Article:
How did Mary and Joseph travel to Bethlehem? What did the innkeeper tell them? Which animals were present at Jesus’ birth? How many Wise Men came to visit? It might surprise you to know that we cannot find the answers to any of these questions in the Bible. The Gospels of Matthew and Luke tell us the story of our Savior’s birth, but are silent about many of the details we take for granted.
For example, Luke tells us that Joseph had to go to his hometown to be registered, so he went from “Nazareth to Judea, to the city of David that is called Bethlehem, because he was of the house and family of David, to be enrolled with Mary, his betrothed, who was with child.” That is all the Bible tells us about the 80-mile trip to Bethlehem; there is no mention of how the couple traveled to the distant town. However, tradition for centuries has given us the image of a pregnant Mary riding on a donkey led by Joseph.
Once they got to Bethlehem, they needed to secure lodging. In the Gospels, no innkeeper says anything: we read simply that “there was no place for them in the inn.” Small, 1st century Jewish villages didn't have inns or hotels, so Mary and Joseph probably would have sought out Joseph’s relatives for hospitality. It is possible that there was no room for them because other relatives were staying there too, but it is more plausible that Joseph was looking for a private place for Mary to give birth. Many homes were built in front of dug-out caves used for storage or to stable the animals.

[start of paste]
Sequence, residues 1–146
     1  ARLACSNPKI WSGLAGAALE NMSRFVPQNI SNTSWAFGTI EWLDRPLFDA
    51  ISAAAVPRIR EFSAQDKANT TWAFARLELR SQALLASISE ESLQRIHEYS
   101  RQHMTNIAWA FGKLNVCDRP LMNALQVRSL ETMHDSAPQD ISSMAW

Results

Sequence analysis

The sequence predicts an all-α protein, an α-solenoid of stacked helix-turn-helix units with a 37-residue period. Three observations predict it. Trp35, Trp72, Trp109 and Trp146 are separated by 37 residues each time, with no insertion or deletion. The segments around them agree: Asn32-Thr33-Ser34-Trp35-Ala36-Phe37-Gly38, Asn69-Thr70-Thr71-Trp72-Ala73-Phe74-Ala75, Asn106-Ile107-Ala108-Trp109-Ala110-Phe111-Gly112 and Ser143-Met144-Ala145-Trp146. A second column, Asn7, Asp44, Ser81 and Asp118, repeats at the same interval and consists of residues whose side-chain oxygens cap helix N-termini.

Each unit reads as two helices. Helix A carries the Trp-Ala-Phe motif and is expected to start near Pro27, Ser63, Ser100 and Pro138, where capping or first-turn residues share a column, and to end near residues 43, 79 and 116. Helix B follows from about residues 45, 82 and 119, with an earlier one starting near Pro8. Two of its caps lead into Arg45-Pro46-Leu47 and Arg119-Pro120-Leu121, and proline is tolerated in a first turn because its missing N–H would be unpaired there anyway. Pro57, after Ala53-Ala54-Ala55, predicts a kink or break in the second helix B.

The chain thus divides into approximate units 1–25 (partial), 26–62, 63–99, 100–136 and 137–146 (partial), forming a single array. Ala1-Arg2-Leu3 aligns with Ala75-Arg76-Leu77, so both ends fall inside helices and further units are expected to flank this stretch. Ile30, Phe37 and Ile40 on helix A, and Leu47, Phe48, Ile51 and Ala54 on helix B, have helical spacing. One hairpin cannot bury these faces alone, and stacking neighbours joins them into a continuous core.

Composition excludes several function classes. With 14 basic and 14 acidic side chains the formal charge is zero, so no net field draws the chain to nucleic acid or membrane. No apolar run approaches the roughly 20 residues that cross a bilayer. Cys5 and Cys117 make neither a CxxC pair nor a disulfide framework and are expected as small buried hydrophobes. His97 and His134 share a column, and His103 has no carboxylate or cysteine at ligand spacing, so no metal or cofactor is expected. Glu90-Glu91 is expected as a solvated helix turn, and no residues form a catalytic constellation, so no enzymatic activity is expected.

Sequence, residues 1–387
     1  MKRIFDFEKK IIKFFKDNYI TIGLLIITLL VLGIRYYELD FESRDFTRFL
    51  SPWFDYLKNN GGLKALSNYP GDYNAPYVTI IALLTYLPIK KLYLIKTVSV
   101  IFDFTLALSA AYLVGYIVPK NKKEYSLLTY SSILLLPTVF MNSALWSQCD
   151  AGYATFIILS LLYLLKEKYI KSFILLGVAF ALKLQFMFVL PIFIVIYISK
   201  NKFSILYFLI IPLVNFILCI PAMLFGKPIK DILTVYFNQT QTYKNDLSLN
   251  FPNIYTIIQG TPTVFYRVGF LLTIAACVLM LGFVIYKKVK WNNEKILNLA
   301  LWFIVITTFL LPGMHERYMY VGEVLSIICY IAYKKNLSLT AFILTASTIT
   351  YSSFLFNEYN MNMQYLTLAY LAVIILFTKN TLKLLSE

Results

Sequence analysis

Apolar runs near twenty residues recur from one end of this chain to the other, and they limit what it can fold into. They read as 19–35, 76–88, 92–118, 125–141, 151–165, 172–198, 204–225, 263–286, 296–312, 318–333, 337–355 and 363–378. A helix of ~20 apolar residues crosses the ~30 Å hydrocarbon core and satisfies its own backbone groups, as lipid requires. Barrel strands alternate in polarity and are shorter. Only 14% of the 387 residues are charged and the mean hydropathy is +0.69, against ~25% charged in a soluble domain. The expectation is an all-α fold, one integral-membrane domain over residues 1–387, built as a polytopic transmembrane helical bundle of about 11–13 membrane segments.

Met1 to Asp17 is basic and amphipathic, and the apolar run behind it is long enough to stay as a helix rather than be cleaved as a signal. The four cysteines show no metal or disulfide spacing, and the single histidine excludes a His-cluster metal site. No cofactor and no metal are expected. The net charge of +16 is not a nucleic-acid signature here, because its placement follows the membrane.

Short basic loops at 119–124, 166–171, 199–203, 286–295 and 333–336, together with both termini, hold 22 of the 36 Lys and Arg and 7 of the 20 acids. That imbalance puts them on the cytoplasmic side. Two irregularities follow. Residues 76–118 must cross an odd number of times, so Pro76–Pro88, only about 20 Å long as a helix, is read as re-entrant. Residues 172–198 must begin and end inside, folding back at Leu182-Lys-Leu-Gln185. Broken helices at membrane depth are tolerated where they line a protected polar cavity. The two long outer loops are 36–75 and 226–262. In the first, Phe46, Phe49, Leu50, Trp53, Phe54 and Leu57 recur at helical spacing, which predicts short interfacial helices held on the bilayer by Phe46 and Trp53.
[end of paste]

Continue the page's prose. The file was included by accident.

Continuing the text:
Which brings us to the animals present at the birth of Christ: in every Nativity scene, there are horses, cows, sheep, and other farm animals. But what animals are listed in the Bible as being present at Jesus’ birth? Matthew doesn’t mention any, and Luke says only that shepherds came to pay homage to the Messiah before returning to their flocks in the field. Once again, tradition fills in the blanks for us and gives us a manger scene full of life.
How many Wise Men were there and where did they find the Holy Family? The number is never given in Scripture. Tradition, however, puts the number at three because they offered Jesus three gifts: gold, frankincense, and myrrh. And while they may have arrived on camels, that isn’t mentioned in Scripture either. When they finally arrive in Bethlehem (and we don’t know how long it took them to get there from “the East” or how old Jesus was by then), they find the Christ-child with Mary his mother – not in a stable or a cave, but in a house.
If we were a “Scripture-only” people, these revelations might rock our world. Thankfully, as Catholics, we understand the connection between Tradition – those customs and beliefs and practices, many passed on orally – and the written Scripture, and so our Nativities are bustling with life. Some more than others: a Bible scholar recently talked about finding Superman and Barbie in the Nativity scene in his home, additions made by his daughter. When he asked why dolls had been added to the menagerie, his daughter replied, “Daddy, everybody needs Jesus!” Merry Christmas!